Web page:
It is likely that such a shade would be built up from thousands or even millions of smaller individual shades and would take many decades to complete from start to finish. As the shade neared completion, and most of the Sun’s rays were blocked from hitting the planet, the surface of Venus would begin to cool. Interestingly, when the shade was complete, because Venus would no longer be lit up by the Sun, to an observer on Earth Venus would go from being the third brightest object in the sky (after the Sun and the Moon) to being invisible.
After about 100 years the temperature of Venus would drop to 31 degrees (see note 2). At this temperature, known as the critical point of carbon dioxide, some of the carbon dioxide in the atmosphere would start to condense from gas to liquid and the low-lying areas of the surface of Venus would begin to be covered in seas and oceans of liquid carbon dioxide, in the same way that much of the Earth’s surface is covered by seas and oceans of water. As it condensed into liquid, the amount of carbon dioxide left in the atmosphere would start to fall and with it the atmospheric pressure.
Eventually the temperature would drop to the freezing point of carbon dioxide (-57 degrees) and the seas, oceans and lakes of liquid carbon dioxide would begin to freeze. Much of the remaining carbon dioxide in the atmosphere would fall as snow.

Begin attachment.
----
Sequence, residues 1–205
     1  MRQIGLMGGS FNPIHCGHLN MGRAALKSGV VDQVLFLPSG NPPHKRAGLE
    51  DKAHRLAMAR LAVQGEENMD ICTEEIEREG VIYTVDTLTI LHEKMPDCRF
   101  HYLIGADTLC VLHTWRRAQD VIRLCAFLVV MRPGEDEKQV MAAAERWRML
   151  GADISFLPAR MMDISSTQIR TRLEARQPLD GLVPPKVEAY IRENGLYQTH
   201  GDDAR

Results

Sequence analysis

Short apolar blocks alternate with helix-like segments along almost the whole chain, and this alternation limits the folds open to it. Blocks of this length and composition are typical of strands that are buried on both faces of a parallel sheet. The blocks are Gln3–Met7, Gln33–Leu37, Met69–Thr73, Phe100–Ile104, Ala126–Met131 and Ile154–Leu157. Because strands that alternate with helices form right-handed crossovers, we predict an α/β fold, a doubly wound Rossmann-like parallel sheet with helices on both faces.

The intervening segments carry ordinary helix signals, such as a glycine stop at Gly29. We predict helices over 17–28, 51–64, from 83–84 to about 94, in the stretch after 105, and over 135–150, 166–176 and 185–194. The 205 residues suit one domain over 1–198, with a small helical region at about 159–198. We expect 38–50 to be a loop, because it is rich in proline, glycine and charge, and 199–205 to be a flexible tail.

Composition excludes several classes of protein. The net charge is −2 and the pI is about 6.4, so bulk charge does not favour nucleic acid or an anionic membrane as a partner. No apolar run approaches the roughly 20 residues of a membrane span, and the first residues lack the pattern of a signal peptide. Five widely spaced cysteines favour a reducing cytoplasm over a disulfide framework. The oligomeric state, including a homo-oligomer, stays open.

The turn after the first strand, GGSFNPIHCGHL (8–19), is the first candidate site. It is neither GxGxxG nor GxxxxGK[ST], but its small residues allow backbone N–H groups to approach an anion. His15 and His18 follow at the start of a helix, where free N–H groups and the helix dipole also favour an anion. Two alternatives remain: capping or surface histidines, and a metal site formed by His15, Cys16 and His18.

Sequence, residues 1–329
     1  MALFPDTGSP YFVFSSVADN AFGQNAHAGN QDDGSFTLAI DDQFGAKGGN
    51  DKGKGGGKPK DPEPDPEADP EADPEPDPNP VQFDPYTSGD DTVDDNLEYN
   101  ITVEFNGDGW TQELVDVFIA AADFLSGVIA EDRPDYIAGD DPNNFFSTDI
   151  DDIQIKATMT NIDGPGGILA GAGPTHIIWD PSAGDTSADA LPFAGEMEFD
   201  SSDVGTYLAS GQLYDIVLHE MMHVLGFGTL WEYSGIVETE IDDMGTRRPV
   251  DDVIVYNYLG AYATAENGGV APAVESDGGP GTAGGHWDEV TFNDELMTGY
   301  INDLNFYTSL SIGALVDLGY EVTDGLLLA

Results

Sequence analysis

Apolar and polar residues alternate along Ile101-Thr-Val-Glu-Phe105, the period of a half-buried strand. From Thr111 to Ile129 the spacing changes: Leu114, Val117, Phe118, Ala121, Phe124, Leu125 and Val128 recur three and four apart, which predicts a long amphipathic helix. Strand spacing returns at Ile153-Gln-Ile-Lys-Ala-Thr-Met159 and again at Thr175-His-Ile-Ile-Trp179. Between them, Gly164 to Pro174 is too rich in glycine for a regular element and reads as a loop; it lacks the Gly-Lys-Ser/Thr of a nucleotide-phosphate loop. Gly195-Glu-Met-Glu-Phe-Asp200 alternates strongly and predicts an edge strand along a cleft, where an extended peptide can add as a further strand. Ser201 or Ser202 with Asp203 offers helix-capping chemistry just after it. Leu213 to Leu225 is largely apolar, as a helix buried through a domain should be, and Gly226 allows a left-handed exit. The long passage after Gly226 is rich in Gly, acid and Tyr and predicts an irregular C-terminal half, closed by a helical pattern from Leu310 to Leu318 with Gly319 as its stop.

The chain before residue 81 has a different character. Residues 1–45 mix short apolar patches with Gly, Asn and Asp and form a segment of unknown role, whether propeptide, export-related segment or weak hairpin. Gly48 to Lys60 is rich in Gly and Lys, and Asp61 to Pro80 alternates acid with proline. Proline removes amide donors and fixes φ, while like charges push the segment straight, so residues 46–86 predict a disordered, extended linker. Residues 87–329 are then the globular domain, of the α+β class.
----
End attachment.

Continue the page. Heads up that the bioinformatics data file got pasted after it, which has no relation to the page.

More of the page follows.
This entire cooling process would take hundreds of years from start to finish. When it had completed the next step would be to ensure that when the shade was removed, allowing the planet to warm up, the frozen carbon dioxide wasn’t released back into the atmosphere. One way this could be achieved would be to cover up the frozen carbon dioxide oceans with an insulating material and provide some sort of refrigeration system to keep it cool. Once the carbon dioxide was safely locked away the sunshade could then be removed to allow the planet to warm up again. Because nearly all the carbon dioxide would have been removed from the atmosphere it would no longer provide such a powerful greenhouse gas.
Venus is a very dry planet. Its atmosphere contains only a small trace of water and there is no water on its surface. By comparison, on Earth 71% of the planet’s surface is covered by water and there are about 1.39 billion cubic kilometers of water on the planet. The breakdown of how this water is distributed is shown in the tables below (U.S. Department of the Interior 2015)